The recently released video–A Passion for Research: Inspiring High School Students–features Wen-Ting Ong, Berrien Springs High School ’07; Rachel Skibbe, Eau Claire High School ’07; and Nikia Davis, Benton Harbor High School ‘07. They were students in Murray’s 2007 grade 12 Math Science Center class, which was recognized as a finalist in the Business Review’s Innovation Michigan Exposition in Grand Rapids, Mich. All three students are now juniors attending college: Ong is at Andrews University, while Davis and Skibbe are at Michigan State University.

“Dr. Murray has demonstrated in this video how researchers can have a large impact on young people by engaging them in research experiences, stimulating their curiosity and building their confidence. This video will also be a valuable tool in sharing this successful model to other researchers across the country and encouraging them to develop programs that engage young people at an early age,” said Sandra Welch, program director for the Informal Science Education program at the National Science Foundation.

Murray has received research funding from the National Science Foundation (NSF), the American Chemical Society (ACS) and from ACS Project SEED to support these opportunities over the years. He also partnered with local organizations, such as, St. Joseph Valley ACS Chapter, Benton Harbor Youth Works and Michigan Works in direct support of student remuneration.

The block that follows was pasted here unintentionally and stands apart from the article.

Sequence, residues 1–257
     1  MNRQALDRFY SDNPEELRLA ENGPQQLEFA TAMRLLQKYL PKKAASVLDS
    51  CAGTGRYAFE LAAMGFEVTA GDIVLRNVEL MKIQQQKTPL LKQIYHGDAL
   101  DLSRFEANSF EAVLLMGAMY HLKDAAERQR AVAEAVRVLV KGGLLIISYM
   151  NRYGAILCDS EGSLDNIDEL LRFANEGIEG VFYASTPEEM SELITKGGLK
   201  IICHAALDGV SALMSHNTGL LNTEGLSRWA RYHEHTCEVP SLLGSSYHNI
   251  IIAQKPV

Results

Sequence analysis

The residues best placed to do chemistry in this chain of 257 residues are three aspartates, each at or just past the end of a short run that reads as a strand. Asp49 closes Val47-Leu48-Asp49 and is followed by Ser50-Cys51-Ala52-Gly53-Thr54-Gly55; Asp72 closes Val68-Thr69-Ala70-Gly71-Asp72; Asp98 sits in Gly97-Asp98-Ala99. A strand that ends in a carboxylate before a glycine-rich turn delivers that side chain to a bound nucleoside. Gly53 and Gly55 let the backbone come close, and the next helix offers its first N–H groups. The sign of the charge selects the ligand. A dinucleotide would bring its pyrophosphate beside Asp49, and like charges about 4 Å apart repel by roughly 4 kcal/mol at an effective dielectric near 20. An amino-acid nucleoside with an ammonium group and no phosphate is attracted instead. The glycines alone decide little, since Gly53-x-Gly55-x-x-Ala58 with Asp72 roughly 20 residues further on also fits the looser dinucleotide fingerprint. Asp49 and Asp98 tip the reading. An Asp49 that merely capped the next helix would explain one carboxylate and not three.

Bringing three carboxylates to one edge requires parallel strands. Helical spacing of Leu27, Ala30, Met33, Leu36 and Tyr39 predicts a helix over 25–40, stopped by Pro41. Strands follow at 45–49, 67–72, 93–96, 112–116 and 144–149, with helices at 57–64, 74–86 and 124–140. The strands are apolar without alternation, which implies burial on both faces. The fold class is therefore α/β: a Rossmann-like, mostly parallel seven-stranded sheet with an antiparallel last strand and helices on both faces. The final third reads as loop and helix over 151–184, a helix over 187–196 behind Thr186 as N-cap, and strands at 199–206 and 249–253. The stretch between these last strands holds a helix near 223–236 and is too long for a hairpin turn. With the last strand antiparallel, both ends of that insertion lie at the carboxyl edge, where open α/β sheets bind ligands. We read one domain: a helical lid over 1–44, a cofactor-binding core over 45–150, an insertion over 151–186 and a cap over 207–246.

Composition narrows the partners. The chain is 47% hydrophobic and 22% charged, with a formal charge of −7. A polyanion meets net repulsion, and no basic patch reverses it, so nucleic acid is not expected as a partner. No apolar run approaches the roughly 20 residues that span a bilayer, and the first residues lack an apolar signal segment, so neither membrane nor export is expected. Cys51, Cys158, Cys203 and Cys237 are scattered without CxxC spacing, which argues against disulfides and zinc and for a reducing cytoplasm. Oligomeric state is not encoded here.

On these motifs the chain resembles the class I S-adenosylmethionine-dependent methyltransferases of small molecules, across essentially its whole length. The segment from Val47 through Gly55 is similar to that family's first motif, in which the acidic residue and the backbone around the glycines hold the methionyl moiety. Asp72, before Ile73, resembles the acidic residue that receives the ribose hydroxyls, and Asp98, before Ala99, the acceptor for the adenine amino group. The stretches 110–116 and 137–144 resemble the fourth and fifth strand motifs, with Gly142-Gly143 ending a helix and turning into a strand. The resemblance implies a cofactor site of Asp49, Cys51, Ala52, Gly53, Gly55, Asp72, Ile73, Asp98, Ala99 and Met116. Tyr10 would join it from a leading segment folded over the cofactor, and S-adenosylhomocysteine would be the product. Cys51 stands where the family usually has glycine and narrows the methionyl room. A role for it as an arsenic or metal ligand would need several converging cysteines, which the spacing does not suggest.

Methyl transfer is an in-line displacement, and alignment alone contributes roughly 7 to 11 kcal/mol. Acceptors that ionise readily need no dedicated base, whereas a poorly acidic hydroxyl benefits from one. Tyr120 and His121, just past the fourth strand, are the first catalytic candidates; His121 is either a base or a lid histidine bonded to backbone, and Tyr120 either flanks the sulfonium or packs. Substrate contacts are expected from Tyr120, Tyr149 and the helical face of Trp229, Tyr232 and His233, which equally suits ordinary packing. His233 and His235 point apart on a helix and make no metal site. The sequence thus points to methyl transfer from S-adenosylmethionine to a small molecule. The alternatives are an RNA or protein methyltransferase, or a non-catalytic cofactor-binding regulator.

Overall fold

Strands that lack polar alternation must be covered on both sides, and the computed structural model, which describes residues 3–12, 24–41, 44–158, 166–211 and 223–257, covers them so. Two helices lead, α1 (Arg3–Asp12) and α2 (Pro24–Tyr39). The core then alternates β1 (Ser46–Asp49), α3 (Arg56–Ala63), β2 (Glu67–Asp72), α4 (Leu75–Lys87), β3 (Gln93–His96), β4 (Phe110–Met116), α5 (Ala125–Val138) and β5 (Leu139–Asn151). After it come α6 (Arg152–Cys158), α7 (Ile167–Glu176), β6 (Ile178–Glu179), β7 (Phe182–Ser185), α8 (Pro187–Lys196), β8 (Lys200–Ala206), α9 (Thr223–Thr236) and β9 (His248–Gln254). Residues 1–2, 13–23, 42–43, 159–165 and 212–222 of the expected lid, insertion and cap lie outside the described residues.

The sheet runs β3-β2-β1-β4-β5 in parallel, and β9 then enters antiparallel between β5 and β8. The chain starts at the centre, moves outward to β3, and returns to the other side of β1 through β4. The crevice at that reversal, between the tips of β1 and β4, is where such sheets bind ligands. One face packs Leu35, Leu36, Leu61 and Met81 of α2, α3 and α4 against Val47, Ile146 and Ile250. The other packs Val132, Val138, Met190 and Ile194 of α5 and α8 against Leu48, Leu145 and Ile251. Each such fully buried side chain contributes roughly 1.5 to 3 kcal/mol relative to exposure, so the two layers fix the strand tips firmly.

After viewing the YouTube video, James H. Hageman, associate vice chancellor for research at the University of Colorado, Denver said, “This is based on a large and continuous effort over the years on Murray’s part. I have shared this with a large group of science-educator faculty at UC Denver as well as former colleagues at New Mexico State University.”

Joseph Francisco, 2010 president of the American Chemical Society and the William E. Moore Distinguished Professor of Chemistry at Purdue University, remarked “It is these grassroots efforts that lead to long-lasting, positive change and long-term investment in young people for the sciences. Well done!”

In the early years of providing opportunities for area students to do authentic cutting-edge research, Murray would often personally drive to and from Benton Harbor to bring the students to his lab in the Department of Chemistry & Biochemistry. This was done voluntarily by Murray, without cost—administrative, travel or otherwise—to any agency or organization. Murray said, “This was and continues to be a labor of love. My life mission is to provide opportunities in research, discovery and innovation for those who, for various reasons, have usually been left out. My effort comes from my core belief that all God’s children should participate in and contribute to one of humanity’s greatest adventures–the scientific enterprise.”